COVID-19 in Northeastern Pa.: With schools closed, teachers, administrators try to preserve sense of routine

(Photo via Greater Nanticoke School District website)

By Patrick Abdalla

SCRANTON, Pa. — Nicole Van Luvender had 60 seconds. She wanted to make them matter.

The principal at Riverside West in Taylor, in Lackawanna County in northeastern Pennsylvania, planned on leaving a short telephone message for each of her students last Friday. The school includes kindergarten through second grades. It has been shutdown since March 16.

“On some level, I wanted to reach out and create a sense of normalcy,” she told the Capital-Star.

So she basically recreated the school’s Friday morning announcements. That Saturday was National Down Syndrome Day, so she told her students about it and reminded them to wear blue. She updated them on the Read-a-Thon they were participating in. And she finished the voicemail off with the “Friday Cheer.”

Van Luvender is just one of many area residents trying to lend a hand as the region grapples with the COVID-19 pandemic.

Katie Gilmartin is another person stepping up. The Scranton School District Board President and co-owner of Nada & Co., an apparel store in Scranton,  has helped coordinate an effort known as the “Masked Bandits.” 

The group has sent out kits to help make masks for different people who will be working through the situation. Anyone can join the effort.

“We’ve put together at least 25 kits with 20 masks in each,” she told the Capital-Star.

Such area businesses as  Sarno & Sons, a tuxedo company, and Woods and Company, a furniture store, have donated materials. Gilmartin and others have been putting them in packages for people to assemble into masks.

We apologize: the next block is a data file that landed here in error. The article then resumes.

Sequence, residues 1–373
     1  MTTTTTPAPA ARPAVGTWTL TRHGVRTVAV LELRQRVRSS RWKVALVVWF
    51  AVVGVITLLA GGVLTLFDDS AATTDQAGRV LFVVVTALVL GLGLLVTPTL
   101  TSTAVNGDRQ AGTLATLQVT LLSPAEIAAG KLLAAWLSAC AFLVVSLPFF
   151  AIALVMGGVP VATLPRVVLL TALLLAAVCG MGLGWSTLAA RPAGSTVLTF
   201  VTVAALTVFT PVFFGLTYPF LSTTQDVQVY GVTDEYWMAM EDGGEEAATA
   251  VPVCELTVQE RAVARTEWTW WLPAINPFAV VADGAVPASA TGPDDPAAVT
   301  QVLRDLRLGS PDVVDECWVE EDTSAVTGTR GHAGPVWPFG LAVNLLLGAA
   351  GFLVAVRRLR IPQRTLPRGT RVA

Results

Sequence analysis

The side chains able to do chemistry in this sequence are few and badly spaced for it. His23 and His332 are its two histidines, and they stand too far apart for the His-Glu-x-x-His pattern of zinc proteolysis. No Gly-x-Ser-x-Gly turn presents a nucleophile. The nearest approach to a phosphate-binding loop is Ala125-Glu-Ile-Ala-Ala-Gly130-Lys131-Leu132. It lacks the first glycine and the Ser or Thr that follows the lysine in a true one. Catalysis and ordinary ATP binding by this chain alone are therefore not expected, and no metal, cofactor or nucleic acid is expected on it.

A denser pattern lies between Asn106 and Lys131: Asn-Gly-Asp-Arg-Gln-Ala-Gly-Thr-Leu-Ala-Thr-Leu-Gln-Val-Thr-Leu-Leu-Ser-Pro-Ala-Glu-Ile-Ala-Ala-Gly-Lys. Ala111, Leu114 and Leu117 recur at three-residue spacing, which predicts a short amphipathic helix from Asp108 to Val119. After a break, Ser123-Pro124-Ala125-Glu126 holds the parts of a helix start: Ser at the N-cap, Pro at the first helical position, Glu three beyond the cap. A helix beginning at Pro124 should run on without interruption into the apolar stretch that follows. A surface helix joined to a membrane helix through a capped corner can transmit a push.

Those masks are then donated to the Lackawanna and Luzerne County Medical Societies by being dropped off at several regional locations. 

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The masks won’t be used by surgeons, but other people dealing with the virus, Gilmartin said.

“They’re not medical grade,” she pointed out. 

Earlier this week, Pennsylvania’s Secretary of Health, Dr. Rachel Levine, told journalists that those types of masks are welcome, but the most needed remain the N95 masks.

Gilmartin’s group isn’t the only one pitching in with masks.

Nanticoke Area School District, in Luzerne County, announced it had donated boxes of masks to Geisinger that were no longer necessary because of the extended school closure.

Like the rest of the state, northeastern Pennsylvania is seeing growing numbers of COVID-19 cases. 

A week ago, the region had 22 total cases and no deaths. As of noon Wednesday, Monroe County had 51 cases and one death. Luzerne County had 27 cases and one death. Lackawanna County had 18 cases and two deaths. Pike County has nine cases and Wayne County has four cases, Carbon County has one case.

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With the number of cases growing, any return to routine is welcomed.

“It can be a scary time for adults,” Van Luvender said. “Even more with kids.” 

That’s why she plans on making her Friday phone call again this week.

Before the day ended, Van Luvender and her teachers thought they’d be able to see the kids one more time before the break. Say goodbye, wish them luck. Instead, the closure came abruptly.

So last week she sent out the email to parents saying she would leave the kids the voice mail. She got positive feedback from parents throughout the week. So she’ll be recording her new message soon.

“We want to keep them engaged,” she said.

Correspondent Patrick Abdalla covers northeastern Pennsylvania for the Capital-Star.